Perhaps the fallout following that has made them think twice about pulling a stunt like that again?

    2. Anonymous Coward
      Anonymous Coward

      @SteveK

      >I've seen quite a lot of US shows do that already

      You should see Spanish TV. You can be watching the news then the presenter will start talking about the benefits of such and such a product. No break, no pause for breath, straight from a news article into advertising and only very recently they've started to show the word "publicidad" but where it's least likely to be noticed. It's also done on the pre-amble to the Formula 1 coverage. As if what seems to be a 50/50 advert to race ratio isn't enough we get a bald headed twat, who only climbs out of Alsonso arse to tell us how good Fernando his and push products.

      1. Mike Flugennock
        Devil

        Re: @SteveK

        You should see Spanish TV. You can be watching the news then the presenter will start talking about the benefits of such and such a product. No break, no pause for breath, straight from a news article into advertising,,,

        Lately, on local TV news in the States, we've been getting a lot of what are called VPRs, or Video Press Releases -- canned "news reports" which are usually just "advertorial" for products, services or companies. The anchordroid will make the usual bland lead-in commentary, and they'll go straight to the VPR -- and it's obvious to anyone with two brain cells to rub together that it's a PVR because the production values and style are entirely different from the remotes and other reports produced by the local station, except that it has the local station's "bug" and "crawl" and other local station dinguses superimposed on the bottom of the screen.

        The worst I'd ever seen was on one local station's early morning news on the first "official" day of the 2003 Christmas shopping season. After the usual sensationalistic stories about massive lines outside stores and shock footage of people fighting over XBoxes -- arguably, advertising in itself -- the anchordroid launches into some blabbing about the crowds outside the Best Buy in some suburb, cutting quickly to some short footage they'd shot earlier that morning, while the anchordroid mentioned how shoppers "...were later seen leaving with bargains, including a Sony 48-inch flatscreen for only $XXX.99..." This same anchordroid later "tagged" the end of the local weather report by mentioning how it looked ilke it was going to be a really nice day to "...get out there and scoop up those bargains..."

    3. GT66

      That will be the day when broadcast television successfully renders itself obsolete. One can easily see that broadcast television behaves as if it is STILL the only game in town. This is obviously as bad position to take and a big part of the reason for the rise of Netflix and Hulu and Amazon, comapnies all taking advantage of broadcast televisions archaic position. Simply, removing people's choice to skip commercials will FORCE people to choose other non-advert laced sources. Broadcast television is actually FORCING people choose anything other than itself. How can this be a successful strategy?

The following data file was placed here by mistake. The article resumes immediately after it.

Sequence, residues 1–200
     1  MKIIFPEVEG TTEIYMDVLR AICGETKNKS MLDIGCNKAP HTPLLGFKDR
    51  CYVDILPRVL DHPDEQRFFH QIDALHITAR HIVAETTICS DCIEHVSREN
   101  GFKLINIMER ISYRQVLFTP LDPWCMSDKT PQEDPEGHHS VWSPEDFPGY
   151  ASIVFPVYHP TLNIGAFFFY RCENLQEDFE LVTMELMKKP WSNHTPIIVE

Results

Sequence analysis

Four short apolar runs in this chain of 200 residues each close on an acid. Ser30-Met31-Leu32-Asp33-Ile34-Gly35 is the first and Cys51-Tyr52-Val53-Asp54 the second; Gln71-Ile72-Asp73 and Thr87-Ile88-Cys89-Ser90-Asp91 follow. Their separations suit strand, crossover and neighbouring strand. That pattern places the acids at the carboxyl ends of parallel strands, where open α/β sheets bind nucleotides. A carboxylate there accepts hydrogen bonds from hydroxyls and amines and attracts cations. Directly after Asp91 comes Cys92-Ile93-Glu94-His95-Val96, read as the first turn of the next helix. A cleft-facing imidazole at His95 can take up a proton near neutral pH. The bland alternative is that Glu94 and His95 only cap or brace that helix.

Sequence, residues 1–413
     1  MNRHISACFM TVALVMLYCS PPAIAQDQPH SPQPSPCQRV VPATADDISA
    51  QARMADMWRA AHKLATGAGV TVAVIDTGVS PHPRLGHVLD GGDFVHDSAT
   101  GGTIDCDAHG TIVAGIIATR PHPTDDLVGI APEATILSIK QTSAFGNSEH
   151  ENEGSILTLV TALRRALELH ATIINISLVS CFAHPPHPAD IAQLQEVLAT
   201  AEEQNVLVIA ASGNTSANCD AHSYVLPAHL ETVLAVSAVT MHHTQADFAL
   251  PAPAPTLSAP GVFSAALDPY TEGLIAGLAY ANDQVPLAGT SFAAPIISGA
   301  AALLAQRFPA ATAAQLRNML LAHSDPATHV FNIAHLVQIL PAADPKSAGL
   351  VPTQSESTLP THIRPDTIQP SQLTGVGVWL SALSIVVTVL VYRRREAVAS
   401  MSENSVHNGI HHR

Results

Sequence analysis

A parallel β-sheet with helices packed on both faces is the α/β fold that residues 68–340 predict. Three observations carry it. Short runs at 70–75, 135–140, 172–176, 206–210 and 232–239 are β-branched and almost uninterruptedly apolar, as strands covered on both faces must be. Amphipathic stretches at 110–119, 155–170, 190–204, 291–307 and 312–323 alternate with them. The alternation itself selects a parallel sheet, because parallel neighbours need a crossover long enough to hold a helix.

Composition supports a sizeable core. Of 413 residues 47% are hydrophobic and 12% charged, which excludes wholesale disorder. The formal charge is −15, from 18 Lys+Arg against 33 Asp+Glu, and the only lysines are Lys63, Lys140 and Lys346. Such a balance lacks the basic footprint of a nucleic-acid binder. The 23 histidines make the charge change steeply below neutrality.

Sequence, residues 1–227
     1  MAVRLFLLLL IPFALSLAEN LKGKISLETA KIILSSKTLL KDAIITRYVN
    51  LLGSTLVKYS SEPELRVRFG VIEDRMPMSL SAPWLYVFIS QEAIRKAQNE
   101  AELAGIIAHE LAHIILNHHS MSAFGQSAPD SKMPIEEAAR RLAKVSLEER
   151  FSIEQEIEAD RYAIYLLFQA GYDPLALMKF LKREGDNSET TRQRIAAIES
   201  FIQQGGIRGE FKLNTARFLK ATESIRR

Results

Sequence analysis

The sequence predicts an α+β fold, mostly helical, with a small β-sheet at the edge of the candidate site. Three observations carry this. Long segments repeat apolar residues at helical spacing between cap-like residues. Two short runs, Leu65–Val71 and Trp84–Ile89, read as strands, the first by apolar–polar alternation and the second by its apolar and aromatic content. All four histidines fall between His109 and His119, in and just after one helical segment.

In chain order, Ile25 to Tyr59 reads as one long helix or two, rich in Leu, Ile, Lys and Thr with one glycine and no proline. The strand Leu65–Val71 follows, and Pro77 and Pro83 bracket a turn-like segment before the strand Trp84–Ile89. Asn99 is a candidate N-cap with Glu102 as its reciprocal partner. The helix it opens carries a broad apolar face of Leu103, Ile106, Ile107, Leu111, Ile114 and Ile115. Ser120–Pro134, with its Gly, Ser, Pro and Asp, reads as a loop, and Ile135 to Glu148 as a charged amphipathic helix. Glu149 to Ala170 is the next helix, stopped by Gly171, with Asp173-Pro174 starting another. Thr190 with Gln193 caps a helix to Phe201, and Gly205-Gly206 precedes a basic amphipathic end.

1. Al Jones

        "This is obviously as bad position to take and a big part of the reason for the rise of Netflix and Hulu"

        Have you watched anything on Hulu recently? 2 minute ad breaks every 6 minutes. And you can't skip them!

    4. LaeMing Silver badge

      Reminds me of the Lawyer's TV in 'Idiocracy' - Massive big screen mostly covered in garish flashing adverts with a tiny postage-stamp of content in the middle.

    5. Hugh McIntyre

      It will also lead to yet more blatant product placement in programs. For example various Fox shows with people in cars saying "this feature is nice and that feature is nice" and obviously advertising the car rather than concentrating on the story. Also a CSI from about two weeks ago which spent a lot of time plugging a Shazam copycat music recognition app which they were presumably paid for marketing.

      This may actually be more annoying than adverts to fast forward through :(

    6. JEDIDIAH
      Linux

      Meh...

      If that adpocalypse comes then just buy a Roku.

      If streaming services aren't available, then just buy some DVDs from Amazon and install yourself a copy of Plex.

  3. thomas k.

    no lover of ads ..

    but isn't there a slight difference in "punters being allowed to [infringe]" and actually providing a button on the device which allows them to do so?

    1. Vladimir Plouzhnikov

      Re: no lover of ads ..

      But to infringe what, FFS?

      Is there a law saying that thou shalt not take a leak while an ad showth on TV or something?

      1. thomas k.

        Re: no lover of ads ..

        I was referring to the bit regarding Dish's stated position - "For its part, Dish says its system is protected by 1980s judgements that home video cassette recorder makers are not liable when the devices’ users infringe copyright by recording shows off the air." - countering Fox's (rather specious) claim that by-passing of ads constitutes infringement.

        1. Bakunin

          Re: no lover of ads ..